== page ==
A Word on Aesthetics: Pure & Simple

Viewing 3 posts - 1 through 3 (of 3 total)
  • Author
    Topic: A Word on Aesthetics: Pure & Simple Read 364 Times
  • Lance Lewin
    Lance Lewin
    Participant
    Posts: 41
    Styles & Looks
    on: August 17, 2019 at 8:18 am

    A Word on Aesthetics:
    So many powerful compositions on this website and across the web, in galleries and museums, but I rather see less “structure”.

    Seems far too many photographic artist are straying from pure aesthetics and trying too hard to “add” to an already breathtaking landscape.  Yes, I am aware as artists we strive to adjust and bring to the masses our vision, but wish we would keep things more simple and pure. It is widely known, and through his own words, Ansel Adams used a heavy hand when it came to post-production Dodge & Burning, (and I use this technique a lot myself) but the overall (or general) interpretation of the scene is authentic as it relates to how are eyes and brain function as a team to reveal the world to us.

    The industry is becoming over saturated with heavily manipulated work and beginning to lean more toward digital art than photography. Perhaps we should slide the structure toggle more to the left and leave HDR like visuals to the side for a while. You know, lets cut down on the salt and see if the original recipe taste better.

    And let me leave you with this thought: perhaps we are influenced by the recognized definition of “Fine Art Photography” posted in Wikipedia, which (in my opinion) was only written to satisfy these types of heavy manipulations. In fact, closer reading and digestion of the current definition is extremely misleading and does not conform to the original meaning (or origin) of the term Fine Art when applied to photography: ‘Simply capturing what one sees in an artistic way is the art of photography and not creating fine art‘. The goal of fine-art photography is to express an idea, a message, or an emotion‘.  In fact, the the Art of Photography is the very essence of Fine Art Photography. Period.

    Amusing to me, they use Alfred Stieglitz “The Steerage” as the first example of Fine Art Photography, as the 1907 photograph is a creation by the virtue of The Art of Photography through camera techniques and personal perspective of the photographer: From an article I am writing – In Stieglitz fine art photograph “Steerage”, nothing here is manipulated, but rather the image speaks for itself in its original form: revealing how the segregation between the poor and rich can be openly brutal. Here, Stieglitz is expressing a “message” that will inevitably create strong “emotions”, two key attributes in creating fine art photography, indeed.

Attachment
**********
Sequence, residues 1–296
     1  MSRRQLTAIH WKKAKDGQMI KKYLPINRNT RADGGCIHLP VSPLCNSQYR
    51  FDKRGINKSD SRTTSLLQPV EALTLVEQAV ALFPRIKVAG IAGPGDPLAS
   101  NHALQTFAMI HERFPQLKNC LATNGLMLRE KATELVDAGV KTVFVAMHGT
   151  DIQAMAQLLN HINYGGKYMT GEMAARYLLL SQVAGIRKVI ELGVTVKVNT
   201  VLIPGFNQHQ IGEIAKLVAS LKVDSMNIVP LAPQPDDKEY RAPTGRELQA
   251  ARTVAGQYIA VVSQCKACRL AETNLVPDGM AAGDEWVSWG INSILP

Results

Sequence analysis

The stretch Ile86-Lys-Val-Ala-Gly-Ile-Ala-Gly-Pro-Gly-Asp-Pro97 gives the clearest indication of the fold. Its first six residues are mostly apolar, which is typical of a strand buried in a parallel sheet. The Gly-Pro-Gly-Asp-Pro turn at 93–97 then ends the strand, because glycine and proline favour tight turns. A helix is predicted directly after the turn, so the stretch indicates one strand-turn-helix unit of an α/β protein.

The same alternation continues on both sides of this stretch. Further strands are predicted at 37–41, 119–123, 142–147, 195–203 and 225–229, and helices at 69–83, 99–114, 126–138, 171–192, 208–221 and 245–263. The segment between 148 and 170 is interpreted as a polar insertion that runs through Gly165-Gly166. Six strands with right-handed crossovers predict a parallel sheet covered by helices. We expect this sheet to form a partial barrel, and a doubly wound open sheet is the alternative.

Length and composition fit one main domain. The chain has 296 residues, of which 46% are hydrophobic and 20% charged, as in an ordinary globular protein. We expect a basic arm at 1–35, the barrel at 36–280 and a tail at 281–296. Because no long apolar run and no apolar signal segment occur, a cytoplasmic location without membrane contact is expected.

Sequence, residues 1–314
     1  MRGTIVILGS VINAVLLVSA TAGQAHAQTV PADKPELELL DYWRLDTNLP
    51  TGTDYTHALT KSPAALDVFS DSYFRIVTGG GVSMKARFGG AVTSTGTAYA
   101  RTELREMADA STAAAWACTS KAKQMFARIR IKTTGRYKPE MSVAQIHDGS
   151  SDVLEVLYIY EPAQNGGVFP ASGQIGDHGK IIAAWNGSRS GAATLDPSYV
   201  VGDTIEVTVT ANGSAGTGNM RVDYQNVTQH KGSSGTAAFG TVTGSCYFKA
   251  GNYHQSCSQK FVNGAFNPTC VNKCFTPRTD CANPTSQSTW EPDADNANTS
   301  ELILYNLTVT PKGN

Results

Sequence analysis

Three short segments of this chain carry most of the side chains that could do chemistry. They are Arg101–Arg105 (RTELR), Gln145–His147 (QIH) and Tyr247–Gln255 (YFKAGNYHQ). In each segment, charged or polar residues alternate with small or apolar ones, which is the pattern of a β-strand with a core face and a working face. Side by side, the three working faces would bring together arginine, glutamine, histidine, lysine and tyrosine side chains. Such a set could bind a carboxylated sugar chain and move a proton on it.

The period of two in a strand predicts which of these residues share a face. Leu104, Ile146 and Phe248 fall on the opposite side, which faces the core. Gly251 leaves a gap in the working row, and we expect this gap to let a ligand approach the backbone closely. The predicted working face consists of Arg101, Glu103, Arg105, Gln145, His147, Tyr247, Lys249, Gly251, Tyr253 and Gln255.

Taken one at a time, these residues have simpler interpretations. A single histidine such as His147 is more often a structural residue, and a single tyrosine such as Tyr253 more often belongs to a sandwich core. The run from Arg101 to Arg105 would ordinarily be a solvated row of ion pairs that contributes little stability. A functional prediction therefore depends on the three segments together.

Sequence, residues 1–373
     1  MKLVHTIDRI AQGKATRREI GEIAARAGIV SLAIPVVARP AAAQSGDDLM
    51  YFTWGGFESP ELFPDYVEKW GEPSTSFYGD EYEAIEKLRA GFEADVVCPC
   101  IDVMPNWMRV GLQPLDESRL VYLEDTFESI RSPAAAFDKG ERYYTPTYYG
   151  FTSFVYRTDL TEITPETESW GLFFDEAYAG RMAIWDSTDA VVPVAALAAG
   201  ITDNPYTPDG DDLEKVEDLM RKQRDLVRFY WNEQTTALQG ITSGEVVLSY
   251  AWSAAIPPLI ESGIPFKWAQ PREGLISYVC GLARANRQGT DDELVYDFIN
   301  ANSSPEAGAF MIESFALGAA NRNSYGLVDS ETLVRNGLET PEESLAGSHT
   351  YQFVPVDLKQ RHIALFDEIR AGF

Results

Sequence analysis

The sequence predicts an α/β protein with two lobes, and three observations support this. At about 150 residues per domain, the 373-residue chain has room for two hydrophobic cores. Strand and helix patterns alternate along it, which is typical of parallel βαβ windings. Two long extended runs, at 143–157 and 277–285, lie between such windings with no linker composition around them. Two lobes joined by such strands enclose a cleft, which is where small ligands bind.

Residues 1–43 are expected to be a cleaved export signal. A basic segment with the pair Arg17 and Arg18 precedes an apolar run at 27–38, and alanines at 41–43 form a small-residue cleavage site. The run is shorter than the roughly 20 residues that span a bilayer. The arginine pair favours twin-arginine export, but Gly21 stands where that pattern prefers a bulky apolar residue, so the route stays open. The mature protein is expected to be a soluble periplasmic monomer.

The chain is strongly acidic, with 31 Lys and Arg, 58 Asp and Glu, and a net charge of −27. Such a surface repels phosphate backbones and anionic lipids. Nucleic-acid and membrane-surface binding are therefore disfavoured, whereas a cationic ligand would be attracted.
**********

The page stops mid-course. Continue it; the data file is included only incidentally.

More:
Thank you.

     

    Lance A. Lewin

    Kevin Raber
    Kevin Raber
    Keymaster
    Posts: 552
    Re: A Word on Aesthetics: Pure & Simple
    Reply #1 on: August 17, 2019 at 10:02 am

    Lance, interesting perspective.  I could say a lot on this as many photographers are adding elements, doing a lot of tonality corrections and some as it seems to be a trend making the images look dark and dramatic. Oh, and let’s not throw a small person into the landscape.  In the end, (short story) they are the artists and if that is the image they were to create and share then that is their call.  The tools available today allow for a lot of heavy handing in the image.  The question is it still a photograph or is it digital art.  I don’t have the answer but I know a lot of organizations that run competitions and give awards are either setting new categories or specifying more clearly what is and isn’t a photograph.   The debate goes on.  Thanks for sharing as it is great foods for thought.

    Kevin Raber
    CEO & Publisher of PhotoPXL.com and Rockhopperworkshops.com

    Lance Lewin
    Lance Lewin
    Participant
    Posts: 41
    Re: A Word on Aesthetics: Pure & Simple
    Reply #2 on: August 17, 2019 at 10:56 am

    Hi Kevin – and thank you for your feedback.

    Let me make myself clear – I do enjoy and regard both traditional and the heavily manipulated (digital art, if you will) for the creativity and incredible artistic representations both genres of art deliver, but as you eluded to, I am a strong advocate for more consistent categorization of the two.

    Allow me to cite two examples: I recently curated the Gilmer Arts National Juried Photography Exhibition (in Ellijay, Ga) and I successfully included two distinct categories – then used two judges to review the works and present the winners.  It all went very well and both the artist at the Opening and patrons alike said it was refreshing to see.  Also, at the Booth Museum in Cartersville, Ga, another exhibition under guest curator John Mariana and Booth Museum curator Sam Gerace – Artistic Photography Today: Artists Re-Presenting Reality Mariana presented the work as Digital Art, before photography. The work is outstanding and the best I have seen anywhere. It was again refreshing to see the two genres presented on a separate pedestal.

    LAL

    Lance A. Lewin

    • This reply was modified 1 year, 1 month ago by Lance Lewin.
Viewing 3 posts - 1 through 3 (of 3 total)
  • You must be logged in to reply to this topic.